FIG. 3 is an exploded elevational view of a modification to the embodiment of FIG. 1 utilizing pins and U-shaped members in the pallet;
FIG. 4 is a side view of the pallet of FIG. 3;
FIG. 5 is an exploded elevational view of another embodiment of improved pallets employing U-shaped members;
FIG. 6 is a side view of the pallet of FIG. 5;
FIG. 7 is an exploded elevational view of a modification of the embodiment of FIG. 5;
FIG. 8 is a side view of the embodiment of FIG. 7;
FIG. 9 is an exploded elevational view of a modification of FIG. 7;
FIG. 10 is a side view of the embodiment of FIG. 9, and
FIG. 11 is still another embodiment of improved pallets utilizing U-shaped rod members in lieu of bottom deckboards.
Referring to the drawing wherein like elements are identified with like numerals, FIG. 1 shows a preferred construction of pallet 10 where three wooden stringers 12 having notches 18 cut therein have top boards 14 and bottom boards 16 nailed thereto. Vertically positioned at each end of the three notched stringers are two pins 20 completely enclosed within drilled holes 22. The pins are positioned in the stringer so as not to interfere with nailing of the deckboards to the stringers with nailguns or automatic nailers. These pins provide surprisingly improved life to the pallet, preventing the most commonly occurring breakage at the stringer end adjacent the notched opening for receiving the fork of a fork lift truck.
Although two pins are shown in the embodiment of FIG. 1, one pin will provide substantial improvement in pallet life. Moreover, substantial improvement is provided if pins are inserted only in the outermost stringers, i.e., not in the middle stringer as shown in FIG. 1. As an alternative embodiment, the middle stringer can be made of plastic or the like. However, it is not desirable from a practical standpoint to not include pins in all of the stringers or to use stringers of diverse materials because of the manner of constructing pallets. Preferably all of the stringers will be identical so that there is no need to pick and choose stringers during the course of fabrication.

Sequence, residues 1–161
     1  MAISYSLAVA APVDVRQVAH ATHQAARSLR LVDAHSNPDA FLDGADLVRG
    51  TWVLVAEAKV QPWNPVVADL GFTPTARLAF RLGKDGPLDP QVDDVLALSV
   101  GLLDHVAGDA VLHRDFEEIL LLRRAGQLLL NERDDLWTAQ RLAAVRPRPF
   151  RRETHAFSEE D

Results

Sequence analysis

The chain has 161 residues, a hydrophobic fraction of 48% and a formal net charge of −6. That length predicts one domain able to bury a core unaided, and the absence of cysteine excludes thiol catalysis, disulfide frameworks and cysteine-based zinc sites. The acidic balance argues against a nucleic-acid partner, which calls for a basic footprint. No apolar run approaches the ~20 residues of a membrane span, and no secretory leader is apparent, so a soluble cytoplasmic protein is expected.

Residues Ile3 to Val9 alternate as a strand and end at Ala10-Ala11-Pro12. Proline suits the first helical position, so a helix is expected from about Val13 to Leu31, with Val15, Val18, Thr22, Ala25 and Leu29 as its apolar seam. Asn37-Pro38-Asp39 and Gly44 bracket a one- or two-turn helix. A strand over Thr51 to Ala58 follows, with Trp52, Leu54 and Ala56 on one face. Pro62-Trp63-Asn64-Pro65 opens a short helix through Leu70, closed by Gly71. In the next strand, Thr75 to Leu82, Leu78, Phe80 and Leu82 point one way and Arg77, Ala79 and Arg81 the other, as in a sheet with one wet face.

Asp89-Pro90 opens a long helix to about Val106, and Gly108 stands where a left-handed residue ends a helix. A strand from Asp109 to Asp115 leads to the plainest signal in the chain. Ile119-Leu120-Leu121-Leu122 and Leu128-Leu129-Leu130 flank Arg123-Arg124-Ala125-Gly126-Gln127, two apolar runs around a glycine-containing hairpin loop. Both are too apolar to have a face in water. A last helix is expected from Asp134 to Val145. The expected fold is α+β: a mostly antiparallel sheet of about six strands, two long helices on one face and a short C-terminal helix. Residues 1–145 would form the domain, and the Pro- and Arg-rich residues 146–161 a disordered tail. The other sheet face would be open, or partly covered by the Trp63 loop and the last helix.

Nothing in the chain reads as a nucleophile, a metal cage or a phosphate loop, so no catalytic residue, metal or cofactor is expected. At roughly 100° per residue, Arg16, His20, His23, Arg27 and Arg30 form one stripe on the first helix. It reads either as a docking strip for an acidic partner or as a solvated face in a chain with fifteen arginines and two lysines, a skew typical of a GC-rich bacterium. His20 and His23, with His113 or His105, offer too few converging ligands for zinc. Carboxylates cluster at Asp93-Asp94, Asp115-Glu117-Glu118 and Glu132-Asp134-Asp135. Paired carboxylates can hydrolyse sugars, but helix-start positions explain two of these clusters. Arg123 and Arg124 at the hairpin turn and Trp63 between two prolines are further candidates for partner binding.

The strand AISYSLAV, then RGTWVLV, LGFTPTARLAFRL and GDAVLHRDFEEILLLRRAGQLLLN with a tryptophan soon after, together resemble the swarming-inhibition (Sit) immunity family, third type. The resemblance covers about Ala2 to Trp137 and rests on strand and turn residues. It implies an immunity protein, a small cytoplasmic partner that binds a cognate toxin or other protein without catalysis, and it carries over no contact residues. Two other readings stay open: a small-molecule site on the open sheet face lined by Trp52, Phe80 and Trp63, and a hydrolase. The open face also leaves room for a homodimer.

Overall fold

FIG. 2 modifies the embodiment of FIG. 1 to the extent that pins 24 are also inserted in holes 26 inward from and immediately adjacent the notches in the stringers. In FIG. 3 the embodiment of FIG. 2 is modified by replacing the pins 20 and 26 most nearly adjacent each side of notch 18 with a U-shaped member 28. Member 28 is recessed into notches 30 so that there is no interference with the placement of deckboards onto the stringers. This embodiment provides additional protection against breakage of the stringer horizontally along the top of notches 18. FIG. 4 shows the positioning of the U-shaped member 28 and pins 20 in phantom lines within the finished pallet.
FIGS. 5 through 11 show a second embodiment of the invention and modifications thereof. As illustrated in FIG. 5, pins 20 are not employed. However, reinforcing strength is provided to the pallets by insertion of U-shaped members 32 vertically into the ends of stringers 18. In the embodiment shown in FIGS. 5 and 6, the U-shaped member 32 is not recessed into the stringer. It is possible, however, and at times may be preferable to recess the U member as shown, for example, in FIGS. 9 and 10. In the embodiment of FIGS. 5 and 6, one U-shaped member ties one outermost stringer to the center stringer and another ties the other outermost stringer to the center stringer.
In FIGS. 7 and 8 there is included a second U-shaped member 34 at each end of the stringers extending across the two outermost stringers. In FIGS. 9 and 10 there is included an additional U member 36 extending from the two outermost stringers and positioned at the approximate center of the stringers. Only U-shaped member 36 is indented. It will be apparent, however, that any or all of U members 32, 34 or 36 can be recessed within the stringers.
In FIG. 11 U-shaped members 38 are positioned at the bottom of the stringer and indented into the stringer in order that pallets with notched stringers are provided, eliminating the bottom deckboard.
Throughout the various embodiments shown in the drawing, it is clear that the reinforcing members are positioned so as to avoid interference with the loading of merchandise onto the pallets and, further, there is no interference with placement of the pallets including the stacking of one pallet upon another. The reinforced pallets have a substantially enhanced lifetime both from breakage and also from the standpoint of becoming misshaped through extensive use or mishandling.